In accessing the Equal Employment Opportunity Office (EEOC) website, I found it very hard to find a clear and concise reason as to why small businesses were treated differently than the larger businesses and why the law would differentiate between them. These smaller organizations are sometimes treated differently by the EEOC because they lack the resources that most large companies possess. Most small businesses can't afford to hire the best qualified people that larger businesses can and do. They may not be able to hire people that fit into the different classes (EEOC, 2008). For example, they may want to hire someone with a disabili ty but really can 't afford to because they would have to make reasonably accommodations for that person which could be very costly for small business owners. Another reason they may be treated differently is the fact that small companies will not have a lot of ready cash on hand, because all the funds that are being generated goes back into the business. They also oftentimes lack human resources depm1ments or specialized EEO office to help manage their staffing needs (A rnold, 2009). Many differences between small business and large business are really not that significant
but the most ctitical difference between the two is the way funding is utilized by larger companies and smaller establishments (Fuscaldo, 2012). Larger companies can maintain stockholders, but small businesses usually have owners, namely, Mom and Pop establishments' (Fuscaldo, 2012). Bei ng e mployed at a large company, there are rules a nd regulations to contend with in order to perform the job assigned. Small companies employees, on the other hand, have a tendency to have less bureaucracy, less organization, and fewer compl ications when performing their assigned task (Fuscaldo, 2012). Historically, Congress has generally sought to exempt small bu sinesses from federal regulation in the area of employment law (Center, 2009). But according to the EEOC office this usually means the employer has fewer than 15 employees. However, some federal statutes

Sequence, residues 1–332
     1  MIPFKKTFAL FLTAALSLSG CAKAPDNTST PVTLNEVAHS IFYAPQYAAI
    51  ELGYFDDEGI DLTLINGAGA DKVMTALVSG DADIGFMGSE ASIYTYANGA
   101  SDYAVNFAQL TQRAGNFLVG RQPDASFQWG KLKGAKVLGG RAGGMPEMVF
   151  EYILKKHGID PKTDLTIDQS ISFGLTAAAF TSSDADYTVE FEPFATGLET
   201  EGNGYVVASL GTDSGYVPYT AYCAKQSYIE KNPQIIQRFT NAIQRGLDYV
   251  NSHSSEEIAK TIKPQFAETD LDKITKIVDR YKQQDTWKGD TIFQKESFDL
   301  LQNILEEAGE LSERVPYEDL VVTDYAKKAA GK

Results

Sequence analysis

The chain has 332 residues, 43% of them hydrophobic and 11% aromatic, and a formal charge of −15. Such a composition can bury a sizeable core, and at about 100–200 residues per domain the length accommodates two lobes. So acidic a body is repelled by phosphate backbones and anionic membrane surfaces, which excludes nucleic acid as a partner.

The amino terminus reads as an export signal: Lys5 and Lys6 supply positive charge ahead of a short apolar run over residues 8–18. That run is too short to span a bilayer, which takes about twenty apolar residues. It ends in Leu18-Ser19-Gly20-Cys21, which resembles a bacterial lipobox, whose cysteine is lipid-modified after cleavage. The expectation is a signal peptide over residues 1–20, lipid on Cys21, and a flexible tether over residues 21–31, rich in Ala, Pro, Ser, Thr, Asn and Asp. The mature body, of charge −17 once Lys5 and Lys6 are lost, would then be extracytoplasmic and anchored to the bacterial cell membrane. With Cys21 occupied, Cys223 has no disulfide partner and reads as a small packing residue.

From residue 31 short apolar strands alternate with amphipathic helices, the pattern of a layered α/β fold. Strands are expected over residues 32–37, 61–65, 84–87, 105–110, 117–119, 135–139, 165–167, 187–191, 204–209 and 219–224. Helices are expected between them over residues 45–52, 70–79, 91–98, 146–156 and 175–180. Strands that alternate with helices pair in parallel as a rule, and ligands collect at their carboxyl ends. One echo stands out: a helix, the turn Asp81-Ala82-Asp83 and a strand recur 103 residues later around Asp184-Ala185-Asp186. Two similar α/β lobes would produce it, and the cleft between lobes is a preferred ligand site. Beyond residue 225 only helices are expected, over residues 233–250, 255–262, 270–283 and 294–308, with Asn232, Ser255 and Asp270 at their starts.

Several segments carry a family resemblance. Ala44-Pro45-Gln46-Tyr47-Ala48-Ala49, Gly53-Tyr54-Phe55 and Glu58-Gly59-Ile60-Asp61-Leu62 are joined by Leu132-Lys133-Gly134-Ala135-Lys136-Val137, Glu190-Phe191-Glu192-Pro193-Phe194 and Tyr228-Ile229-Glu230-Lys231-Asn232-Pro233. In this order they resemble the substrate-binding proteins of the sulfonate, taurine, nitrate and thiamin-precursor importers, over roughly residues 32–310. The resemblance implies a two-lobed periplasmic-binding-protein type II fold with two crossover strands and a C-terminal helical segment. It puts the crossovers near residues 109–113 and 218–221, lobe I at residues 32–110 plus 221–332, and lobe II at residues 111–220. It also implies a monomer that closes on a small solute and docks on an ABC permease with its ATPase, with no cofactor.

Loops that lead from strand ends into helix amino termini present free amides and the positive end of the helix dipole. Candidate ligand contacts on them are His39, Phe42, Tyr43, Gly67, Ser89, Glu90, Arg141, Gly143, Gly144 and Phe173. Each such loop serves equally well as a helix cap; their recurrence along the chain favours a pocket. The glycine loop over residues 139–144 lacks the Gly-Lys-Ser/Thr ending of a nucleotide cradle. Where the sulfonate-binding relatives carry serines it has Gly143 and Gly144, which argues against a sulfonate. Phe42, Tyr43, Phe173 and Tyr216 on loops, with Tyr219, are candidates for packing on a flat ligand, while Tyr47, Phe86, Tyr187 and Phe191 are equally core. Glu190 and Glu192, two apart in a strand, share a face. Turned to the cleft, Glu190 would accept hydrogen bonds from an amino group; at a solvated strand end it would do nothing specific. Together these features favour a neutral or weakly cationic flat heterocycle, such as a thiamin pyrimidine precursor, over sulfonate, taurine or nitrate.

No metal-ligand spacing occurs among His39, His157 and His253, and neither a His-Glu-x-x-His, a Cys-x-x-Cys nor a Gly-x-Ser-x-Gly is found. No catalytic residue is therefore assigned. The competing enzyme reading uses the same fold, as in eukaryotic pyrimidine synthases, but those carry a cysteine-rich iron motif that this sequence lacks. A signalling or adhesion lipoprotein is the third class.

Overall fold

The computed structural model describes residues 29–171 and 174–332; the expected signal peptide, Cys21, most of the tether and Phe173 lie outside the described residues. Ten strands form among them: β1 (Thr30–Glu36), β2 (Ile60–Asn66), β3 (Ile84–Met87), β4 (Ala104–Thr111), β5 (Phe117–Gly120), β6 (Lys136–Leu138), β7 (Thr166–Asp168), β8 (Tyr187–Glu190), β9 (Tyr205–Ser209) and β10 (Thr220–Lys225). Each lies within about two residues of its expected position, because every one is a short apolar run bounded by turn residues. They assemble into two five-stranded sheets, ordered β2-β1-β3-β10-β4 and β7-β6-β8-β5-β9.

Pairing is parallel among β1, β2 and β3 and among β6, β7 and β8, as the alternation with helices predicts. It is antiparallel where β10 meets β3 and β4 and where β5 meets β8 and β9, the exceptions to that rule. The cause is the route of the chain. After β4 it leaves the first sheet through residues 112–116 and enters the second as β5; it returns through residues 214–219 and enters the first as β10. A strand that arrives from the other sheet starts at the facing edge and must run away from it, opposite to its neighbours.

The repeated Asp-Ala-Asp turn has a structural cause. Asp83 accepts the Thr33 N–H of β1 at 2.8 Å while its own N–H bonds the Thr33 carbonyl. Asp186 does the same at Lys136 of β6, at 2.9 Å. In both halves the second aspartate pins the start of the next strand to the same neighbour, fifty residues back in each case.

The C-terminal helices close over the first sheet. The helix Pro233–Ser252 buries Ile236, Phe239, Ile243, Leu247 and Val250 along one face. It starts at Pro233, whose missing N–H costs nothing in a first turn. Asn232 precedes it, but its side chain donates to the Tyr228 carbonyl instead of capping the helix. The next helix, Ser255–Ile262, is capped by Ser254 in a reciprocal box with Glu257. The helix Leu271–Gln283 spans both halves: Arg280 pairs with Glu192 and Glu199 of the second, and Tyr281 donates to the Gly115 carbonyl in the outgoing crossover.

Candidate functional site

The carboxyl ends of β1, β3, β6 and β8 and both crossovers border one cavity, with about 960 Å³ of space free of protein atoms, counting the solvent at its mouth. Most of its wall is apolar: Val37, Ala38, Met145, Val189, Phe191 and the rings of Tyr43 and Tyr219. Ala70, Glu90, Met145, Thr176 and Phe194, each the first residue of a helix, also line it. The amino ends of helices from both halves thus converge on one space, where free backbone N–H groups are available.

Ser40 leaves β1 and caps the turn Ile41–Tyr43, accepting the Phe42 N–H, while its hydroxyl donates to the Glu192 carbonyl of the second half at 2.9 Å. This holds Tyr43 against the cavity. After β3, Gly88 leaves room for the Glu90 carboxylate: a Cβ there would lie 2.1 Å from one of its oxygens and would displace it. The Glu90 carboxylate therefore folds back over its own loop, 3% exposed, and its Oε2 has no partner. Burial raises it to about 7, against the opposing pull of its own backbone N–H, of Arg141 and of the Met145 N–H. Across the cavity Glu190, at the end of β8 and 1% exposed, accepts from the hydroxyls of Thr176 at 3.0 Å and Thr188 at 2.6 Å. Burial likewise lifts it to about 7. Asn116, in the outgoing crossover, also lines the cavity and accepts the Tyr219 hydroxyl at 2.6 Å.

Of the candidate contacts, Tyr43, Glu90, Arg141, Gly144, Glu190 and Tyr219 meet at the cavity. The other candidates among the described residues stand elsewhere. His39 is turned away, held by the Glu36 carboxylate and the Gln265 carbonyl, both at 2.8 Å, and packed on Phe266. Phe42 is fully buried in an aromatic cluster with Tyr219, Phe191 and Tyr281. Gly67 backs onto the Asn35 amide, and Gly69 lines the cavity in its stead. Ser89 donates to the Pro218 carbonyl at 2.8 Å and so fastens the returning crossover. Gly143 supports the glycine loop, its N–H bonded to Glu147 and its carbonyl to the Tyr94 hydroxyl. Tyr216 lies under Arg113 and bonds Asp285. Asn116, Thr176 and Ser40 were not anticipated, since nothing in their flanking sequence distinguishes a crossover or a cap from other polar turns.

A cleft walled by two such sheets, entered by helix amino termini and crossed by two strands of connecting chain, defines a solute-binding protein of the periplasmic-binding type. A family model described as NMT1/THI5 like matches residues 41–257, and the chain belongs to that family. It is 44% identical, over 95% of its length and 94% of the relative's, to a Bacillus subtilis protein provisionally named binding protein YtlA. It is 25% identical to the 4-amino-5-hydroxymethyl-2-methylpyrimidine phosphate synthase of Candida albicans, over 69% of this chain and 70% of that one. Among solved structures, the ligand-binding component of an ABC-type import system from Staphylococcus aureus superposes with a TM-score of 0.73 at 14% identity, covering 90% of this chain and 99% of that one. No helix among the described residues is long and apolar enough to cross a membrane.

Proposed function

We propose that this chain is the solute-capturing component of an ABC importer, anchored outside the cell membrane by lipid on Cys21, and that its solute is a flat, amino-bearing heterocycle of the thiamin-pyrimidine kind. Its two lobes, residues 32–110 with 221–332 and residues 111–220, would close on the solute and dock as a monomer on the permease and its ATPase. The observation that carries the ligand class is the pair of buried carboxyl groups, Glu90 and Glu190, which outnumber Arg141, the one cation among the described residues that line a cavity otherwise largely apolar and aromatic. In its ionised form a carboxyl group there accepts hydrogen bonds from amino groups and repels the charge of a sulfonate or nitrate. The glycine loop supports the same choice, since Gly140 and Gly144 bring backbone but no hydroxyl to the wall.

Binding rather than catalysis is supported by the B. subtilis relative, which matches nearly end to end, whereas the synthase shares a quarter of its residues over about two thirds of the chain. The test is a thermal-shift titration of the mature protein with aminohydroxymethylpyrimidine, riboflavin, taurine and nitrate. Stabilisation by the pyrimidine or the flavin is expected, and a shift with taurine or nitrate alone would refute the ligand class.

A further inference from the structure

define thresholds at 20, SO, or I 00 employees, and some federal thresholds start at one employee (Small Business Analysis, 2004). "Typically, state statutes cut down the numbers even lower than their federal counterparts- often to just one employee" (B1yant, 2010). Local, state and federal requirements may differ according to location (Responsibility of Multinational Employers, 2008). Small industries are major sources of a great number of jobs that can be filled by individuals with disabilities who are willing and able to do the work. Nearly 25 million small businesses in the nation denote 99.7 percent of all employers who hire approximately SO percent of the p1ivate workforce (A Primer for Small Business, 2013). Likewise, small businesses provide 67 percent of all first jobs. Many employers with a minimum of at least 15 employees are protected by EEOC laws. These laws apply to any and all forms of work situations, including hiring, firing, promotions, harassment, training, wages, and benefits (Ingram, n.d.). Small businesses are sandwiched between conflicting government priorities and viewpoints amid different federal agencies, the courts, state, and federal governments. Owners of small businesses express a willingness to learn all the rules and regulations, and have no problem complying with the regulations when running a successful business. As a matter of fact, they insist on the state and federal governments, including the com1s, to set forth consistent and comprehensible laws they can readily apply to their particular business (McCracken, 2012). Equal Employment Opportunity laws provide direction for small and large businesses,
but because of the relativel y small size of their workforce and budget, they face specific challenges when it comes to employment laws (Ingram, n.d)....
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